Diary of a Working Mom

The last few weeks have been quite hard on Dave. Maya is going through another mommy phase where, as soon as I walk through the door, it’s as if Dave ceases to exist. I can imagine watching this little love affair between Maya and I must be difficult for Dave, who takes very good care of her all week long. I know that the fact that she is taking him for granted is a good sign; it means that he’s doing an amazing job with her. I also know that this intense bonding between Maya and I is necessary to make up for the five days out of every week that I am not there to applaud when she figures something out all by herself, to cheer when she learns a new skill, or to soothe her when she is hurt.

The mommy phase started on the Easter long weekend, which was the first time I had been able to spend four entire days in a row with her in months. Most of that weekend she spent playing with her cousin, who is about 8 months older than her. Being an only child, cousins are as close to siblings as Maya will have. As she hadn’t seen him in almost a year I wondered how well they would get along. They were inseparable, which made me very happy. It was the first time I didn’t have to hover in the periphery, ready to intervene should a conflict arise. Aside from the few times where he needed a break to play alone, they got along famously. I was in awe that these two toddlers could actually manage 3 days together without one volcanic eruption of “He/she won’t share with me!” or “That’s MY toy!”

That weekend, watching the joy on her face as she played with her cousin, made me realize how deeply I love this child. Although there were other adults around for me to interact with, what I wanted most to do was to watch my daughter play. Perhaps it is the fact that I’m a full-time working parent, or that I had been resigned to childlessness before she arrived in my life, or the fact that I am an older mother, but I find that I want to spend every spare moment I have with her. My time with her seems more precious. What broke my heart when I was struggling with barrenness was that I would not be able to love a child the way I had been loved. I wanted to be able to pass that love on. There isn’t a day that goes by that I don’t feel that Maya’s presence in my life is sacred. I don’t want to take a second of it for granted.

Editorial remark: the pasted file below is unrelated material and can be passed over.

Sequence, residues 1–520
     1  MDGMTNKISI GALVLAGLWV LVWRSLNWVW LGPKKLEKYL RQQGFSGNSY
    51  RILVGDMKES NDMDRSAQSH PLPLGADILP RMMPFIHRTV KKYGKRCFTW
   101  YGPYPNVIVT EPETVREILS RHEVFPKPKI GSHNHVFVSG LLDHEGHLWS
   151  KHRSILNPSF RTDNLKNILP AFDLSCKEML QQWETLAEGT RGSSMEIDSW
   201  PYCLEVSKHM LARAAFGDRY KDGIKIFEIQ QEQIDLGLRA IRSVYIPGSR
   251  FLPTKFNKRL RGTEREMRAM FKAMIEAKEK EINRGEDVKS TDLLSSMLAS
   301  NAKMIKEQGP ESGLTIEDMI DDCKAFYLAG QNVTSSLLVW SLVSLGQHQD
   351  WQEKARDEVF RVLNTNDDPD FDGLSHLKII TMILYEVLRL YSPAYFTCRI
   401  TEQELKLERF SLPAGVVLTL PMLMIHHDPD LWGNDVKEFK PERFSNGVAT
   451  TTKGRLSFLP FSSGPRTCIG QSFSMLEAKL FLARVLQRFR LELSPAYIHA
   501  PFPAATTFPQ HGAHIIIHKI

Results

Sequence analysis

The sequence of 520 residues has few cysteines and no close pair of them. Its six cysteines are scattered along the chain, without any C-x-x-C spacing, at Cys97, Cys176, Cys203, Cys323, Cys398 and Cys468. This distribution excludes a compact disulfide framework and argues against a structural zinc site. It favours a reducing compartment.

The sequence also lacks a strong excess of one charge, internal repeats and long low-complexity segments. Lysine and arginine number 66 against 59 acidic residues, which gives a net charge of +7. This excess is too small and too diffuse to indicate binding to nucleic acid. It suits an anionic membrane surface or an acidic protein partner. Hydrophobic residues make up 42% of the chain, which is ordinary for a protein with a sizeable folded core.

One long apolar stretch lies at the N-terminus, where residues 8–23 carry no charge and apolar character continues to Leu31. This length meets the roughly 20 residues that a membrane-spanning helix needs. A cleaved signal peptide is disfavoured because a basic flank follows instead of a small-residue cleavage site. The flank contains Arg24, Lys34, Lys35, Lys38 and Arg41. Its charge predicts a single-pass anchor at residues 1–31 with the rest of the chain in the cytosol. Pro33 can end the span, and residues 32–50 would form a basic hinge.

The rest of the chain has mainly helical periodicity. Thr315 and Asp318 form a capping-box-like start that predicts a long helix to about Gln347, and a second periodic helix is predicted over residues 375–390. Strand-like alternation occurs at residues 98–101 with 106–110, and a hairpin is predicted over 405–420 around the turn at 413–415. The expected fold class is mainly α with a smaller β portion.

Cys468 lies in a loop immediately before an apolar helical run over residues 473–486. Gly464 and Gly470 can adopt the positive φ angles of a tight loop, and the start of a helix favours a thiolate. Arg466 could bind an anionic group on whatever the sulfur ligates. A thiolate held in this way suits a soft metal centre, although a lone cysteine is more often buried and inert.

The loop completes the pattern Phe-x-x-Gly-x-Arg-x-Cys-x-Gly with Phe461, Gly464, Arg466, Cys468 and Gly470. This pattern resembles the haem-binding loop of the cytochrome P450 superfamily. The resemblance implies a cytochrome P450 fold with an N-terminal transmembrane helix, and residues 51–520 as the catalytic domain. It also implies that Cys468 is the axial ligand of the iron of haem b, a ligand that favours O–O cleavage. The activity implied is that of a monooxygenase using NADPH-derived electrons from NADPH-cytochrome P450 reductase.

It’s for that reason that I often turn down invitations to be with my colleagues (aka other adults) after work. Truthfully, most of the time I’d rather be home playing with my daughter. Being the only parent out of my colleagues at work has left me feeling rather isolated. They likely think I’m incredibly rude. So I’ve tried to make an effort to meet up after she’s gone to bed. But by the time we’ve had our dinner, had our nightly bath, read stories, and I’ve spent an hour in a dark room waiting for her to fall asleep (I know, terrible parenting practice), the thought of putting adult clothes on again, getting into a car and driving somewhere seems like a punishment and not a pleasure. Of course when I force myself to do this very thing it is invariably enjoyable and I’m glad I pushed through the inertia.  But more often than not, the inertia wins.

Although being away from Maya during the week is difficult, work is very important to me (although I likely would not work full-time given the choice). At this late stage of my life I’ve chosen a challenging career, which is a perfect fit for someone like me who needs stimulation to feel human. I love my work and derive a lot of personal satisfaction from it. For most of my life it was my work that primarily defined me and it continues to be an important part of who I am as a woman. I think it would be difficult to give that identity up.  Despite this, however, the most memorable moment in the past few weeks was not my work accomplishments. It was the moment when Dave picked me up from the seabus after work. There was Maya in her car seat, holding a bouquet of dandelions tightly in her little hands, with the proudest smile on her face. “These are for you mommy!” she exclaimed, her face beaming with joy. It made my heart sing.

And it also made me ask the question, what would I be willing to give up to have more moments like those?

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How to Mess Up the Weekend with your Toddler in 5 Easy Steps

As a full-time working parent, to say that I look forward to spending the weekend with Maya, who will be three in a week, is a massive understatement. I cherish the time I get to spend with her. Saturdays are special time just for Maya and me, so that Dad, who stays home with her during the week, can finally get some work done. Sundays are our family days. This past weekend, however, it was special time with Maya all weekend long. I should have realized, from experience, that it is not wise to place high expectations on things that are likely to fall far short, things like an entire weekend with your toddler. In hindsight, there were several things that I did that messed up my weekend. You can learn them too! Here they are, in five easy steps.